This course is aimed at intermediate-level users of Excel 2010 and 2013 as well as 2016 for Windows and Mac who are unfamiliar with Pivot Tables and who need to summarize and analyze list-based data and make better business decisions based on that data.
Pivot Tables are one of the most powerful tools in Excel's data analysis armory. With just a few clicks of the mouse (and no complicated formulas!) you can quickly and easily summarize and analyze large amounts of raw data and get answers to those important questions on which you base your key business decisions.
Based in Manchester, England, Mike has 27 years experience in corporate IT training, working with and for organizations across a diverse range of industries. He designs and delivers face-to-face, virtual, written and video-based training, primarily focusing on Microsoft Office, Lync, SharePoint, VBA development and database development.
Course Overview Hi everyone. My name is Mike Thomas and welcome to my course Pivot Tables for Excel 2016. I'm an IT trainer with over 27 years' experience. Pivot tables are one of the most powerful tools in Excel's data analysis armory. With just a few clicks of the mouse and no complicated formulas, you can quickly and easily summarize and analyze large amounts of raw data. In this course, you'll learn how to create and manipulate pivot tables and get answers to those important questions on which you base your key business decisions. Some of the major topics that we'll cover include best practice guidelines for setting up your data sources, formatting a pivot table to make it understandable and inviting to read, producing powerful reports, including sorting, filtering, and grouping your data, presenting your data as a chart and an infographic, and how to create a pivot table driven dashboard. By the end of the course, you'll have a solid foundation that you can use to build your own pivot tables and reports. And as long as you can create basic worksheets, understand simple formula, and copy and paste, and apply basic formatting to cells, you'll be able to follow along. So I hope you'll join me on this journey to learn pivot tables with the Pivot Tables for Excel 2016 course at Pluralsight.
Introduction to Pivot Tables In this module, you'll learn via some practical examples what pivot tables are and how they can be used. You'll learn how to create some basic pivot tables, and you'll learn about data sources, specifically how and why you should base your pivot tables on a table, how to create a pivot table based on an external source, in this case, we'll use an SQL Server database, and how to create a pivot table that's based on multiple tables.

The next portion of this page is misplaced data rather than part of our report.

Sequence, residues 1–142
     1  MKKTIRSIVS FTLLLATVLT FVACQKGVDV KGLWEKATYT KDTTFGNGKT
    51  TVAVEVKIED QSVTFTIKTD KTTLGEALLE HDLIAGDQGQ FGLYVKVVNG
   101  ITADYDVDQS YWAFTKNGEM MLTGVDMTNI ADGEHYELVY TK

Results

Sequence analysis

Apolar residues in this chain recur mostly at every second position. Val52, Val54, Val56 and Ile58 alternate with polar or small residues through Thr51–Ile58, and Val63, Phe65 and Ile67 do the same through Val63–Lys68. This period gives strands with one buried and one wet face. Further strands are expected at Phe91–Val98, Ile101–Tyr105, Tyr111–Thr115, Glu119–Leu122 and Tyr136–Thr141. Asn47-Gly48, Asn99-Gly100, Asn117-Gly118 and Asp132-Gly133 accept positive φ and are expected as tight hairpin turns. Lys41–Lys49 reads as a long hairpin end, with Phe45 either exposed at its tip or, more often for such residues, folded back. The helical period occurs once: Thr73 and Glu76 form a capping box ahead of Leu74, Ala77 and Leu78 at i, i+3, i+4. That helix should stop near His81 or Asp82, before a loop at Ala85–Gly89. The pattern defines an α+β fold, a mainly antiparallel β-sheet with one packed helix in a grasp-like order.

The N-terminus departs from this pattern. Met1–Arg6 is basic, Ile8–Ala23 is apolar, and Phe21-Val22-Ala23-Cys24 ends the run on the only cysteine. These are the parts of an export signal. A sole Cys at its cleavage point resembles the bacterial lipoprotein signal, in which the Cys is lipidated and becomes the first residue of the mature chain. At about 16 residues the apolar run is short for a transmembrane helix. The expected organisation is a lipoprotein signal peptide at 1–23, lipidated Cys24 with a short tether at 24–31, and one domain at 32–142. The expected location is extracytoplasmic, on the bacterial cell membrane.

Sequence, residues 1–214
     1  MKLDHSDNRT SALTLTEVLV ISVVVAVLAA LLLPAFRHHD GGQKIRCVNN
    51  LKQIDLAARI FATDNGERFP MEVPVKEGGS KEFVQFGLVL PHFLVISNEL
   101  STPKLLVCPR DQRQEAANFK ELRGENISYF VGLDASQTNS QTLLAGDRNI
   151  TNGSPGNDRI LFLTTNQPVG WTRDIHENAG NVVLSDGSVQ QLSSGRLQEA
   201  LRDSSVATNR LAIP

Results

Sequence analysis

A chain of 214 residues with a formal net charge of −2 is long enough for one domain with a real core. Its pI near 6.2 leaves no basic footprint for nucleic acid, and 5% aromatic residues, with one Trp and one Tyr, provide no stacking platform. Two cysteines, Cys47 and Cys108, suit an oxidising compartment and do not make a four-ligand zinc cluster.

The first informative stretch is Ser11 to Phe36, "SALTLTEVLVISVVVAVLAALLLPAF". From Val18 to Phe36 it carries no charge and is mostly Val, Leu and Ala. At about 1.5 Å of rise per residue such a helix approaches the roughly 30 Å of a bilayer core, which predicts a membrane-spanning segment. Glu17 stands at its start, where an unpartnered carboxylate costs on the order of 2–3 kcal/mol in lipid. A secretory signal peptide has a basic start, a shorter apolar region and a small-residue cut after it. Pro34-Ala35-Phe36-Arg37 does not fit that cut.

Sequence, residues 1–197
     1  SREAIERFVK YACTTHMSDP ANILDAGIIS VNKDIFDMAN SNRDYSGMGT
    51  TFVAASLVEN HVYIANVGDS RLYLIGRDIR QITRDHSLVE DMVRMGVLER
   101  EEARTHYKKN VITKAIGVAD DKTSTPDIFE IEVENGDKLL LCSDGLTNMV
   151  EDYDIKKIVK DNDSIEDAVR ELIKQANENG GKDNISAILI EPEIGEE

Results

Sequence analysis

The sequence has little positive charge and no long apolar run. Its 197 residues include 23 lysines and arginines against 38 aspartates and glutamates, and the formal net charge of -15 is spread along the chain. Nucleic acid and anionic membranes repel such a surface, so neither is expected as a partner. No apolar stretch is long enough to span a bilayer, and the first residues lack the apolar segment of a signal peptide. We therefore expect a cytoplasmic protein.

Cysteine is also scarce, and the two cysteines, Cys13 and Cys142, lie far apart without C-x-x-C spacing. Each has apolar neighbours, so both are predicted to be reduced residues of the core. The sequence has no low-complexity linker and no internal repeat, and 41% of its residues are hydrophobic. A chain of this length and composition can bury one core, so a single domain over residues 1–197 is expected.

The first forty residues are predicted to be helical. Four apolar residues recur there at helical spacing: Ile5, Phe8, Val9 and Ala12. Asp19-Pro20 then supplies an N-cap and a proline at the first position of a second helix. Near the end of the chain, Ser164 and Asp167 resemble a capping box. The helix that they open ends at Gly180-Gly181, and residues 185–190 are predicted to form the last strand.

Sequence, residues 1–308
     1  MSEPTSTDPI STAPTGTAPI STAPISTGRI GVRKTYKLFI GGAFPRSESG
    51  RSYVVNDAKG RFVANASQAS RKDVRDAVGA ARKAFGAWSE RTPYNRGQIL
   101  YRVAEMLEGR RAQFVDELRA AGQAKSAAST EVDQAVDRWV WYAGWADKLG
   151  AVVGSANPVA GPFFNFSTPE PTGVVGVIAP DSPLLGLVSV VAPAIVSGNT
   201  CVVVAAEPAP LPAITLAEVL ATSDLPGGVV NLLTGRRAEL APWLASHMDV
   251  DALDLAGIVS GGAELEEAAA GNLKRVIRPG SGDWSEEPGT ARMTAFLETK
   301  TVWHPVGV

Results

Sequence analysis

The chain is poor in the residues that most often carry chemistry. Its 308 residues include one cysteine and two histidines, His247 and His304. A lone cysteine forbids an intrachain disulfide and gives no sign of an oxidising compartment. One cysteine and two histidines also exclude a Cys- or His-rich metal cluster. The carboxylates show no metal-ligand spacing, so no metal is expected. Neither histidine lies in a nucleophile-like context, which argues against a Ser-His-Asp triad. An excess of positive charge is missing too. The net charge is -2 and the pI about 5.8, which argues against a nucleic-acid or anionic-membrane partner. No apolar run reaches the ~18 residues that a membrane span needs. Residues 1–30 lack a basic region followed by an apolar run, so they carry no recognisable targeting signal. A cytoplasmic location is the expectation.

Customizations and Calculations Now that you've learned how to create a basic pivot table, in this module we'll look at how to customize it. We'll cover changing the values element to display an average and a count instead of a sum. You'll learn how to change the appearance of a pivot table, changing things like colors and number formats. And I'll also give you a tip about using conditional formatting with a pivot table. You'll learn how to change the layout of a pivot table. We'll look at how to display numeric data in different ways, including percentages, running totals, and as a difference. What I mean by that is the difference between January and February, February and March, et cetera, all without creating any formulas. And finally in this module, you'll learn how to create a new column in a pivot table based on a calculation.
Sorting, Grouping, and Filtering In this module, you'll learn about sorting, filtering, and grouping in a pivot table. By default, pivot tables are sorted based on the values in the row section or the column section. But what if you wanted to sort your report into, say, revenue order? Filtering lets you display only certain items in a pivot table, for example, only those stores where the revenue is over $5000, or the top three bestselling products. There's a few ways to apply filters, including a cool feature called slicers, which is available in Excel 2013 and in Excel 2016 for Windows and Mac, and we'll have a look at that. Grouping allows you to summarize data based on grouped values, so, for example, if you have a list of individual dates, you can group by month or year. Let's start by having a look at sorting.
Pivot Charts and Data Visualizations In this module, you'll learn how to represent the data in a pivot table as a chart. We'll look at three different types of charts. Pivot charts, which are like regular Excel charts, except they're based on data in a pivot table, sparkline charts, which are small charts that are embedded into a cell and used to display trends, and the people graph, which is available in Excel 2013 and Excel 2016 for Windows, and allows you to create a kind of infographic style chart.
Creating a Basic Pivot Table Driven Dashboard To finish the course, I'm going to pull together some of the things that I've already covered and provide you with a practical use for pivot tables by creating a dashboard. This is the dashboard that we'll be creating. It has a summary of the key performance indicators, a chart showing revenue per month, a sparkline chart showing you the revenue per month per product, and a chart showing the average customer satisfaction score, comparing it to a target score, and this information is obtained via a customer satisfaction survey that every customer is asked to complete. There's also a slicer to allow me or whoever is using this to filter and look at the data for individual states. Sitting behind the dashboard are a number of pivot tables, so in this example, the pivot tables are a means to an end rather than the end itself. Although, there's nothing to stop anyone who's using the dashboard actually accessing the pivot tables and looking at the summaries that they contain. So let's move on and look at how to create the dashboard.